Brendan Cole calls time on big band song-and-dance shows but showman will return

Brendan Cole in Show Man, dancing its way to the Grand Opera House, York, next month

HEADING for York on February 25, ballroom dancer Brendan Cole’s Show Man will be his last big band production after ten years of touring five shows.

Just to be clear, the former Strictly Come Dancing star is not retiring but song-and-dance concert tours on such a theatrical scale will be consigned to the past after Live & Unjudged in 2010, 2011 and twice in 2012; Licence To Thrill in 2013 and 2014; A Night To Remember in 2015 and 2016; All Night Long in 2017 and 2018 and now Show Man in 2019 and 2020.

“This will be my last big band tour after touring for so many years,” says the 43-year-old New Zealander, who will be bringing Show Man to the Grand Opera House next month.

“I’ve loved every second of being on the stage with my friends, who have now become family. It’s time for something different and I’m honoured to be taking Show Man out for one last run.

Taking Show Man out for one last run: Brendan Cole launches the second leg of his 2019/2020 tour

“I’m so proud of this production and I’m going out on a high. If you love live music from one of the best touring bands and exciting and emotive dance, this is the show for you.”

Back on the road from February 19, Show Man draws its inspiration from the magic of theatre and the movies, combining Cole and his hand-picked championship dancers and eight-piece big band and singers with laughter and chat throughout.

Choreography will be high energy, up close and personal, complemented by the lighting and special effects. Expect a cheeky Charleston to Pencil Full Of Lead, a sexy Salsa to Despacito, music fromBeggin’ to Bublé, plus numbers from The Greatest Showman and La La Land.

‘I’m really excited to be bringing back Show Man, having toured this production early in 2019. This is my most exciting tour to date; it’s so dynamic and theatrical, much more so than any previous tour,” says Brendan, who you may remember lifted the very first Strictly Come Dancing glitterball trophy when partnering news presenter Natasha Kaplinsky in 2004.

” I’m particularly proud of Show Man because of its theatricality,” says Brendan Cole

“We have five male dancers, three female dancers, choirs, a violinist and brand new staging, which allows the choreography to be exciting and different; bigger and better lifts, some very strong theatrical numbers, as well as a new-look set. It really is something special. My aim is to wow the audience and give them everything they’d expect and much, much more.”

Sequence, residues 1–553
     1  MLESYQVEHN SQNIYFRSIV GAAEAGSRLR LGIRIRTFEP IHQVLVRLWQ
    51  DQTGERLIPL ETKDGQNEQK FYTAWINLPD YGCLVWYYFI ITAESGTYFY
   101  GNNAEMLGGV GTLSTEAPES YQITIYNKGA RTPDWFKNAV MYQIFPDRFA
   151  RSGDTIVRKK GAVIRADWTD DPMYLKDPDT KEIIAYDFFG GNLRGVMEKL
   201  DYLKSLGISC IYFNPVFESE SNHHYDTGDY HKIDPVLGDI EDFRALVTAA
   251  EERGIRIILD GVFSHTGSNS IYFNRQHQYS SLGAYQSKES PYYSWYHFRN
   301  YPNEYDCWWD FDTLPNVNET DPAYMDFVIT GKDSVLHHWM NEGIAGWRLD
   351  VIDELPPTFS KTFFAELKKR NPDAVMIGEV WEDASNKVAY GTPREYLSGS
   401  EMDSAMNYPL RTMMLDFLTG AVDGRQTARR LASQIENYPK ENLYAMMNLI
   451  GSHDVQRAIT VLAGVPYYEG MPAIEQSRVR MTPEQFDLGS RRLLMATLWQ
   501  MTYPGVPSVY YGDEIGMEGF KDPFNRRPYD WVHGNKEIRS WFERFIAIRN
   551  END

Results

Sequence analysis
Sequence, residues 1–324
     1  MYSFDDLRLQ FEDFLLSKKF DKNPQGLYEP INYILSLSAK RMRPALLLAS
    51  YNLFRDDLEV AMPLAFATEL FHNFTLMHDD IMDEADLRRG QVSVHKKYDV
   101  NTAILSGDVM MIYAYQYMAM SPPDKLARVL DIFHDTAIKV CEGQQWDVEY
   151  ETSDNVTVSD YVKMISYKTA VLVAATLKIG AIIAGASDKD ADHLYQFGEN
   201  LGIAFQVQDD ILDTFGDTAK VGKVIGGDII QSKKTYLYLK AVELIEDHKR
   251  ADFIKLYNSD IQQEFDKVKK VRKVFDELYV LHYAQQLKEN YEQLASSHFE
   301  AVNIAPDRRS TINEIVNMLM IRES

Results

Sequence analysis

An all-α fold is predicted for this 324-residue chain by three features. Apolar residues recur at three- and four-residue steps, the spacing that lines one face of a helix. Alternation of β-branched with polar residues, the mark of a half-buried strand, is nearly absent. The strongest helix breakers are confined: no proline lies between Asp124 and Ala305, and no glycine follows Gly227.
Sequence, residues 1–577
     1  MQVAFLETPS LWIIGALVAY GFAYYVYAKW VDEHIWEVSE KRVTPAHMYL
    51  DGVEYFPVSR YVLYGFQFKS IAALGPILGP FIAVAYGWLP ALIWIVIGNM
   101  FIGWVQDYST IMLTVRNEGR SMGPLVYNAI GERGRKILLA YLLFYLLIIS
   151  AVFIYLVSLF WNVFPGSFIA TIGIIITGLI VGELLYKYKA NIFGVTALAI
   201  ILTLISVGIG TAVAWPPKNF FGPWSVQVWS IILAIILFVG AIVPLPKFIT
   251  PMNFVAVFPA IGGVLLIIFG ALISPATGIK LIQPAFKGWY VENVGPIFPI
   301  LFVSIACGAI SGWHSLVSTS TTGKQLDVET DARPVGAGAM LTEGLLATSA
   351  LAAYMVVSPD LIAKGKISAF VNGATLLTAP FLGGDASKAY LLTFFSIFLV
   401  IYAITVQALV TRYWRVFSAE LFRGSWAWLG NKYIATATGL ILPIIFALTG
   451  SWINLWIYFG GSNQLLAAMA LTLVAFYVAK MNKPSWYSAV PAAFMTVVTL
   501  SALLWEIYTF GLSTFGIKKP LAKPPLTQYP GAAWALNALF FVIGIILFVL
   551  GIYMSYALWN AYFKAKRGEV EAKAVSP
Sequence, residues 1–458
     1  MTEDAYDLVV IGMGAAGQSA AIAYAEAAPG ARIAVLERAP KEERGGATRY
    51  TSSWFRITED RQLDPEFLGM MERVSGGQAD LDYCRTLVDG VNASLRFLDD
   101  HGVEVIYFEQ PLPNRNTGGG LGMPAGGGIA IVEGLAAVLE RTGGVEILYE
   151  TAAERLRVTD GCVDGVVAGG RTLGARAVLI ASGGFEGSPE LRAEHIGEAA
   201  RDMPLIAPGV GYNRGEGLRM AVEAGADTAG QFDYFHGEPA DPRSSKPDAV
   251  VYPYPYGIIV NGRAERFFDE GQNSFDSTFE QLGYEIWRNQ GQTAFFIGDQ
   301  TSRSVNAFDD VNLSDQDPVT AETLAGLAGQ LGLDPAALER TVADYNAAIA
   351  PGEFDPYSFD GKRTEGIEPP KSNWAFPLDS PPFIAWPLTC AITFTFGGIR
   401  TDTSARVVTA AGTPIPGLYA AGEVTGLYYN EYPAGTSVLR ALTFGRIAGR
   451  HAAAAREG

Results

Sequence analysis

Why stop doing such big-scale shows now? “I’m giving myself options for the future,” says Brendan, who, by the way, spent the Christmas season in pantoland, playing the Spirit of the Ring in Aladdin at the New Victoria Theatre, Woking. “My days of playing Aladdin are over!” he quips. “I’m not hired for my looks!”

Back to Show Man being his last tour on the grand scale. “The thing is, with these big band tours, I’ve been doing it for ten years now; it takes a year to put each one together and I don’t have the time to do that anymore.

“Since I left Strictly at the end of 2017, I’m delighted to say I’ve been crazily busy. I’m involved in The X Factor, I’m doing some other TV shows. There’s a show that’s just been filmed for Channel 4, though I can’t go into detail yet!”

“There’s that moment I really enjoy, when a dance has just finished, and there’s a hush, as if the audience are almost in a state of trance…,” says Brendan Cole

For now, the focus is on enjoying the second leg of Show Man shows. “It was Katie Bland who came up with the Show Man title, because it’s a show with all the different aspects of dance, taking it on a more theatrical slant and movie influenced too, such as The Greatest Showman and Dirty Dancing.

“Katie said, ‘you are ‘the showman’, and after seeing The Great Showman, I knew I had to include it in the show.”

Not only will there be a big band, but also a choir at the Grand Opera House. “We use local singers, anyone from 12 years old to young adults, and they range in number from 12 to 27 each night,” says Brendan.

Looking back over ten years of shows, “My favourite was my first, Live & Unjudged, when it was very raw,” he recalls. “But I’m particularly proud of Show Man because of its theatricality.”

My aim is to wow the audience and give them everything they’d expect and much, much more,” says Brendan Cole

What comes next for Brendan, the showman dancer? “Something much more intimate,” he says, “One of the things I’ve tried to do is make Show Man more intimate, but that’s a hard thing to do in a big band show.

“But I have no plans for the next move yet, because I’d like some time out as it’s gruelling, taking hours and hours to put the content together and then the company together for a show like Show Man. I want to take some time out with my family.”

Such is his love of dance shows and dancing itself, Brendan will be back. “It’s the magic of it. Creating a story between two people in a dance. That little bit of magic for two and a half, three, minutes. It’s storytelling without words, and as people watch, they create their own stories,” he says.

“It’s the waltzes that I really love. There’s a real beauty to them. Then there’s that moment I really enjoy, when a dance has just finished, and there’s a hush, as if the audience are almost in a state of trance…”

…And, there, in a nutshell, is why Show Man will be a chapter, rather than the closing chapter, in Brendan Cole’s dance story. He has a vision beyond 2020.

Brendan Cole, Show Man, Grand Opera House, York, February 25, 7.30pm. Box office: 0844 871 3024 or at

Copyright of The Press, York